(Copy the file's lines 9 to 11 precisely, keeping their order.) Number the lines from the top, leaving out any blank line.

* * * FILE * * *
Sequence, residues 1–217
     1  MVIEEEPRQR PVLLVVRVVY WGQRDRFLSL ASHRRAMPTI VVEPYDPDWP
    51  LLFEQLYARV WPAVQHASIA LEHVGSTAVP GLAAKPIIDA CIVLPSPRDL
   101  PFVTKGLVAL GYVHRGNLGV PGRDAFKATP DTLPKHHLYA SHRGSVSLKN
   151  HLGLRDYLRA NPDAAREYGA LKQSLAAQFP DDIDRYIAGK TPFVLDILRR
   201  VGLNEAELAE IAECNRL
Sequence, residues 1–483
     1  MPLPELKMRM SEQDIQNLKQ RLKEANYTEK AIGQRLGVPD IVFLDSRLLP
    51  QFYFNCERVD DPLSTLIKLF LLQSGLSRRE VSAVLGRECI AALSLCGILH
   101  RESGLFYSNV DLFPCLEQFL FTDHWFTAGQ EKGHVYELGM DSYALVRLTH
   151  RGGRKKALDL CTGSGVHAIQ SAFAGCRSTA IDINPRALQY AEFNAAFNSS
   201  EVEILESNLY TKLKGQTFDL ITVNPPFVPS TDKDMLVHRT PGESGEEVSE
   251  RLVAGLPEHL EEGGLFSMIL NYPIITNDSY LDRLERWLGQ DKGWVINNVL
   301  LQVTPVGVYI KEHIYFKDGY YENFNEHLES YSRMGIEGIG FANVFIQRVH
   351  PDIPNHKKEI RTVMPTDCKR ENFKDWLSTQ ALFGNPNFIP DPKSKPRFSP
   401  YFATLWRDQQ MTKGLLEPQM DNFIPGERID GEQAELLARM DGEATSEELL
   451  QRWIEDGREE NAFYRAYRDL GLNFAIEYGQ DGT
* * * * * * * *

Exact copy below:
    51  QFYFNCERVD DPLSTLIKLF LLQSGLSRRE VSAVLGRECI AALSLCGILH
   101  RESGLFYSNV DLFPCLEQFL FTDHWFTAGQ EKGHVYELGM DSYALVRLTH
   151  RGGRKKALDL CTGSGVHAIQ SAFAGCRSTA IDINPRALQY AEFNAAFNSS